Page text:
St. Louis Rams coach Jeff Fisher wasn’t as short on his answers about the situation on Monday, with several others from around the league weighing in with their opinion on the hit cornerback Lamarcus Joyner put on Bridgewater’s head as the quarterback was sliding.
Zimmer and Fisher still met at midfield following the game, but Zimmer simply shook hands and walked away without responding to Fisher’s attempt at a talk.
When asked about it on Monday, Fisher had a message for Zimmer.
“I think a good lesson to be learned from this is control your emotions immediately after the game and go back and look at the tape before you jump to conclusions,” Fisher said. “Clearly Mike’s and my handshake was very short. He didn’t say a word. I went out to congratulate him. I was going to ask him how his quarterback was and congratulate him on the win and he was gone. I understand that, but you also need to control your emotions after the game, look at the tape and then adjust your emotions accordingly.”
Actually, Zimmer might have been controlling his emotions by not saying a word. In his postgame press conference, Zimmer said if they would have been on the street, they might have had a fight.
Fisher simply said after the game that Bridgewater isn’t the first quarterback to be hurt while sliding.
The hit angered Zimmer and numerous Vikings players because of the reputation of Rams defensive coordinator Gregg Williams, who was suspended from the NFL for a year for overseeing a bounty program for hurting opposing players when he was the defensive coordinator in New Orleans.
But former Pro Bowl safety Rodney Harrison offered a story on NBC that put Fisher in a bad light, too.
Harrison called the hit by Lamarcus Joyner “dirty” and a “cheap shot,” but added depth to the saga from his playing days in a game facing Fisher’s Tennessee Titans.
“I wasn’t surprised because it happened to me in 2006. Bobby Wade came and chopped my knees and tore my knee up. I’m lying on the ground, and I look at Jeff Fisher and he’s smiling and laughing,” Harrison said. “So this is typical of Jeff Fisher type teams.”
Fisher simply criticized the source.
“I think you have to consider the source. I saw it (Sunday) night on the airplane. You’re talking about a guy that had a great career. The guy played a long time and was hard to defense, was a really active defensive player. But this is coming from a guy that had 18 unnecessary roughness penalties, seven personal fouls, four roughing the passer penalties, a total of 77 penalties in his career and was voted three times the dirtiest player in the National Football League and was suspended for a hit – a helmet-to-helmet hit on Jerry Rice in 2002,” Fisher said Monday, referencing his notes as he was clearly prepared for the question. “This is where these comments are coming from, and I’ll just say this: Since 2000 it’s been a privilege and an honor for me to be on the competition Committee and our main focus is player safety. So for Rodney to come out and say I did something like that is absolutely absurd. That’s all I have to say on that. … Rodney is Rodney and we move on.”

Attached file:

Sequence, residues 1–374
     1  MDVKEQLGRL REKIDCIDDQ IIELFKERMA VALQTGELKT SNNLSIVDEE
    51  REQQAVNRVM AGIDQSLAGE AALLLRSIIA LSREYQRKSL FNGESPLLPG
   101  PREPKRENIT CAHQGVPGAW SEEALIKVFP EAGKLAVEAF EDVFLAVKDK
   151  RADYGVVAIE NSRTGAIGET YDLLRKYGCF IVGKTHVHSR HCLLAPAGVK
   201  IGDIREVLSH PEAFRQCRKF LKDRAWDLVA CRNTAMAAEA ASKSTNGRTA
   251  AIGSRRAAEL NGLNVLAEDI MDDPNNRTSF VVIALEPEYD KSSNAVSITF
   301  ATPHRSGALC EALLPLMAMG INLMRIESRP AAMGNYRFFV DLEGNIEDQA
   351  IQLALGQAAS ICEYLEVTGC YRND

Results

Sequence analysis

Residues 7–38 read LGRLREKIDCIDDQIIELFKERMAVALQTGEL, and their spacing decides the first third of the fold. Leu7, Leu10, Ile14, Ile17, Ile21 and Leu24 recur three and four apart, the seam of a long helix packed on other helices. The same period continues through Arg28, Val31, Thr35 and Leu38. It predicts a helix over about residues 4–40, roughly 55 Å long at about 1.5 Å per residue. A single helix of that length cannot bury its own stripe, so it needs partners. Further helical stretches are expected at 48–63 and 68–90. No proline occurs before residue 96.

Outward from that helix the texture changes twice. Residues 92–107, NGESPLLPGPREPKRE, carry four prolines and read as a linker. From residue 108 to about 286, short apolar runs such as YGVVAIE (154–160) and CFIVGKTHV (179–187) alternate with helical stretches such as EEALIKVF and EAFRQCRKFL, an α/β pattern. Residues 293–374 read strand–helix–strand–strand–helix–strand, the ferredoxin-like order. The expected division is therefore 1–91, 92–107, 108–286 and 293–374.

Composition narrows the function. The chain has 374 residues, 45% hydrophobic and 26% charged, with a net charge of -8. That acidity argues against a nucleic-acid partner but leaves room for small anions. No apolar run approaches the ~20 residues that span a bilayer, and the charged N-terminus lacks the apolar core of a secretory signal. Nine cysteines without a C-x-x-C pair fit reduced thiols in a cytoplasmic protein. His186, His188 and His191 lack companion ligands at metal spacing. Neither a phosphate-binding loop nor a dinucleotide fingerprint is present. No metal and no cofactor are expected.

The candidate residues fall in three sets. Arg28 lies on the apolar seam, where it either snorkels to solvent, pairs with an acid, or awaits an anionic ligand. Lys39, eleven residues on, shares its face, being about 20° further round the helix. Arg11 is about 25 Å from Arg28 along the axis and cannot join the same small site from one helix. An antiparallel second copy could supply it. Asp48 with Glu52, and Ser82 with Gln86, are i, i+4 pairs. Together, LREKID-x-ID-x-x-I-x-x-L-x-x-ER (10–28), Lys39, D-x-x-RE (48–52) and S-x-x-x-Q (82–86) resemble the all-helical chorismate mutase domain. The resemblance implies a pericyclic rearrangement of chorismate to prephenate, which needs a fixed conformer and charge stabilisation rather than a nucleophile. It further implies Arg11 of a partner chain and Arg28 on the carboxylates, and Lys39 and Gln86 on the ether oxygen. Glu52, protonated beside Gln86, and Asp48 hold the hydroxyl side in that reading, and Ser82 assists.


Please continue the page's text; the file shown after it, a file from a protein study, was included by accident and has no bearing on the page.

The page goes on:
Joyner reportedly won’t be suspended, but he could be fined. For a first-time offense, the minimum fine for a late hit is $8,681 and for roughing the passer it is $17,363.
Former Vikings offensive coordinator and Baltimore Ravens head coach Brian Billick said Williams’ history has left him open to criticism.
“The way (Joyner) led with his shoulder, it did seem vicious. I don’t know if there’s a history between Mike Zimmer and Gregg Williams, but Gregg Williams, the way he has conducted himself before has left himself open to those criticisms,” Billick said on NFL Network.
Former San Francisco 49ers and Detroit Lions head coach Steve Mariucci approved of Joyner’s explanation after the game when he said he wouldn’t intentionally hurt Bridgewater because they both grew up in the Miami area and their families know each other.
“Lamarcus Joyner, when I saw it happen I was like, ‘Oh, boy, he’s going to get a penalty and a suspension – whatever. But Lamarcus Joyner had a heck of an interview after the game and he explained that he wouldn’t do that,” Mariucci said. “Their mothers know each other and he lived near Teddy and I believe him. I believe Lamarcus Joyner really didn’t intend to concuss Teddy Bridgewater. The hit sure looked like it. But when Mike Zimmer was mad, it was because his quarterback was laying there motionless. Anybody would be mad.”
Yes, many within the Vikings organization are/were upset, and Fisher’s reaction may continue irk Vikings fans.
“I don’t have to worry about the manner in which our players play,” Fisher said. “They play hard.”